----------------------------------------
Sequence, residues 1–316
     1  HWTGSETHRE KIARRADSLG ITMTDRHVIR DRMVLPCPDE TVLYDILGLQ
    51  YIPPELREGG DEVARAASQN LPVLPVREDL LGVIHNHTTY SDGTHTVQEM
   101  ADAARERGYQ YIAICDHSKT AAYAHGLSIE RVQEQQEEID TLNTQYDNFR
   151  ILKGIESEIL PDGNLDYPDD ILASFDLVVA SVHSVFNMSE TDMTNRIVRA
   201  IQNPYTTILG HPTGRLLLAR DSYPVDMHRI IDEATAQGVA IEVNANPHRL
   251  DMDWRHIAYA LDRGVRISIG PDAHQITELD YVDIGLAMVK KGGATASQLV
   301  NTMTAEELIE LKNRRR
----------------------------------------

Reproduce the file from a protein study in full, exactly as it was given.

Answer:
Sequence, residues 1–316
     1  HWTGSETHRE KIARRADSLG ITMTDRHVIR DRMVLPCPDE TVLYDILGLQ
    51  YIPPELREGG DEVARAASQN LPVLPVREDL LGVIHNHTTY SDGTHTVQEM
   101  ADAARERGYQ YIAICDHSKT AAYAHGLSIE RVQEQQEEID TLNTQYDNFR
   151  ILKGIESEIL PDGNLDYPDD ILASFDLVVA SVHSVFNMSE TDMTNRIVRA
   201  IQNPYTTILG HPTGRLLLAR DSYPVDMHRI IDEATAQGVA IEVNANPHRL
   251  DMDWRHIAYA LDRGVRISIG PDAHQITELD YVDIGLAMVK KGGATASQLV
   301  NTMTAEELIE LKNRRR